George: Disney Publishing just released Once Upon a Dream: From Perrault’s Sleeping Beauty to Disney’s Maleficent by Charles Solomon. Similar to Tinker Bell: An Evolution that was released last year (and was one of the best books of the year), the new book by Solomon is broken into three parts and and does a great job of looking at the history of the fairy tale, Disney’s version of the classic film and the more modern take on the Maleficent tale. But is this expensive volume worth adding to your library?
Jeff: Well, first we need to break down the actual contents of the book itself. Starting off with the history of the fairy tale itself, Solomon does an excellent job of recounting it’s origins. We learn the variations incarnations of the tale, from its very beginnings, to the Grimm’s version (which, as it turns out, was changed a bit from the original), and even ballet adaptations. It was pretty interesting to see how the story evolved over time, and how the characters themselves changed quite a bit.
George: As we’ve covered before, Solomon is a well-respected animation historian and really knows his stuff. The first section does a great job of recounting the various versions of the tale but the real meat of the book is the second section that discusses the history and development of Walt Disney’s Sleeping Beauty. Solomon writes about Walt’s vision to bring the film to the screen and the artists involved. Walt brought in Eyvind Earle to do the visual development of the film and his artwork is truly astounding. As expected, we get many full-fold reproductions of Earle’s work and many of the other artists at the studios. Some of the artwork takes your breath away. The creation of the story, characters and song are explained, as well.
Jeff: Of course, being Solomon, he goes extremely in-depth on the making of the film. Everything from the story changes that Walt implemented, the live action models that were employed as references, and even the voices are covered. He really goes above and behind. This is the longest section in the book, as it is the one that most Disney fans will be craving for. Solomon manages to tell the story of the making of the film quite well in those hundred or so pages, but it still left me wanting more!
George: Agreed. I really wanted to see more of the inside of the production and how the Studio created the masterpiece. The Fairest One of All: The Making of Walt Disney’s Snow White and the Seven Dwarfs, published in 2012, is a perfect example of an exhaustive research book on a film. Granted, it’s a little too in-depth for average fans, whereas Solomon’s Sleeping Beauty book is paired down enough to engage casual fans and still appease hardcore animation fans. I still wish there had been more discussion about the artists and the Studio. That being said, the modern Disney marketing machine still needed space to promote the latest offering from the Studio.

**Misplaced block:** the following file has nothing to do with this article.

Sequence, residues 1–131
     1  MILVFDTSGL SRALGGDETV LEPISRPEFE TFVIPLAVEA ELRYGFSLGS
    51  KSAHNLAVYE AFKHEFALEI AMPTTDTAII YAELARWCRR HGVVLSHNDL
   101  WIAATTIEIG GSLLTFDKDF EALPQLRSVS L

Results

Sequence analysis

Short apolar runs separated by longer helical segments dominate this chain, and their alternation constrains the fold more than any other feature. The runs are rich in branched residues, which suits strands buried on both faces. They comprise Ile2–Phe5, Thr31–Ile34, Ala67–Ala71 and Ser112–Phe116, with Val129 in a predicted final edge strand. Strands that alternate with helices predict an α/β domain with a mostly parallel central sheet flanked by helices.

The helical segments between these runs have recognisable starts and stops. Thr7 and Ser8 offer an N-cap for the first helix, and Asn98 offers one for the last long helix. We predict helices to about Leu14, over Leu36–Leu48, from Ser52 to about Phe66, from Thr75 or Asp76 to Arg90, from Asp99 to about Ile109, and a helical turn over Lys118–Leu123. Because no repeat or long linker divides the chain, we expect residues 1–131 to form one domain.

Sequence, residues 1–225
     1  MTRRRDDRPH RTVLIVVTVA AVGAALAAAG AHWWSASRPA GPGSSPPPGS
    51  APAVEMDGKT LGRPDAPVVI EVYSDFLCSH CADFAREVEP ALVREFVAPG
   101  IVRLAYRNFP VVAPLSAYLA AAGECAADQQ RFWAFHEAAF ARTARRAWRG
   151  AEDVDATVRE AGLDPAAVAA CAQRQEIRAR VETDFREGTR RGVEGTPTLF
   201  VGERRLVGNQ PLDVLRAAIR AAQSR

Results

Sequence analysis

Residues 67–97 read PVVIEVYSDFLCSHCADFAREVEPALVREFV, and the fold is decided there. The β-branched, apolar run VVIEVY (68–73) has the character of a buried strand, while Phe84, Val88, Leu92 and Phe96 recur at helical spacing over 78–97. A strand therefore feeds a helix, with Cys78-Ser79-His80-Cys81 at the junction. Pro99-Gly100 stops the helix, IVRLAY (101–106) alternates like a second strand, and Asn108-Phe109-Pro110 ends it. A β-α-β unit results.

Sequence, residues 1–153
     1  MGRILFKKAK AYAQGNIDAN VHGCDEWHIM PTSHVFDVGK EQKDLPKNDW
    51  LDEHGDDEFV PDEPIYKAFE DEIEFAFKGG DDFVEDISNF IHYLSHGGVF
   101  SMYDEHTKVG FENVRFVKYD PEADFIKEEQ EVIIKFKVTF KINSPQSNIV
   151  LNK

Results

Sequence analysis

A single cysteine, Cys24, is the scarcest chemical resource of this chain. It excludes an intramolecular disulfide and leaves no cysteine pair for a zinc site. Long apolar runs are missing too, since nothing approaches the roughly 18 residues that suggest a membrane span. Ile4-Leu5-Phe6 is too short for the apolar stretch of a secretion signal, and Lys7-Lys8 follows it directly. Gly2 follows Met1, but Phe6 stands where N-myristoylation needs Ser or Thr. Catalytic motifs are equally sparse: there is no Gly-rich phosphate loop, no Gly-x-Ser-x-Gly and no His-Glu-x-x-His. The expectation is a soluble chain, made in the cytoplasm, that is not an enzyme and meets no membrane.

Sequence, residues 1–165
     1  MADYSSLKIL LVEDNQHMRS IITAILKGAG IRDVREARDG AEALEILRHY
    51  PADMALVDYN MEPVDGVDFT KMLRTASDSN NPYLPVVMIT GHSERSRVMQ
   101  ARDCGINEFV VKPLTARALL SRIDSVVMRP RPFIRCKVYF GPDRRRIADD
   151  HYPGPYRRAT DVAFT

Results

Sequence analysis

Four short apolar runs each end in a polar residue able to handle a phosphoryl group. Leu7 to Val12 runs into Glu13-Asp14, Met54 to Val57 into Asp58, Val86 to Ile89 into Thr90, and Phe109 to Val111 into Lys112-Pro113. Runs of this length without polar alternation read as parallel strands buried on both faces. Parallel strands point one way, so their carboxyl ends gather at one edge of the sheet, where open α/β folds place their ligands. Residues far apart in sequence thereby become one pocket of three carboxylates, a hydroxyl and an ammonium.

Jeff: Which, unfortunately, isn’t that great. I have not seen the film Maleficent yet, but reading through the final section of the book didn’t really inspire any confidence in me to do so. I appreciate the information gathered, and how much work went into the making of the film and filling in the backstory behind one of the most villainous fairies to ever grace our screen. However, this entire section DID feel like a marketing piece to promote the movie (that is currently in theaters), and kind of shoe horned in. I get that Solomon wanted to cover all his bases, but the new film’s section just wasn’t all that great.
George: The section on Maleficient did have a few spoilers, but nothing earth-shattering. I’m interested in how history will remember the film, but the section reminded me a lot of the Haunted Mansion film. The strongest part of the book had to be the amazing number of full-spread and full-page reproductions and stills from the film. The backgrounds were totally gorgeous and made me want to watch the 1959 film in high-definition. I also wish that I’d read the book before visiting the Sleeping Beauty Castle Walk-Through on the CommuniTOUR but it didn’t make a big difference. The book is the best resource currently available on the film and I hope that Disney continues this in-depth look at all of their films, even if it’s only one book release per year.
Jeff: I absolutely agree. If you’re a big fan of the original animated classic, and have even a passing interest in the new live action film, then this book is for you. We guarantee you’ll enjoy the look at the film, and it will make a nice addition to your collection!
Are you excited about this release? What would you like to see in a book about Disney animation?
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By Jeff Heimbuch and George Taylor
The Disney Review is written and edited by Jeff Heimbuch and George Taylor
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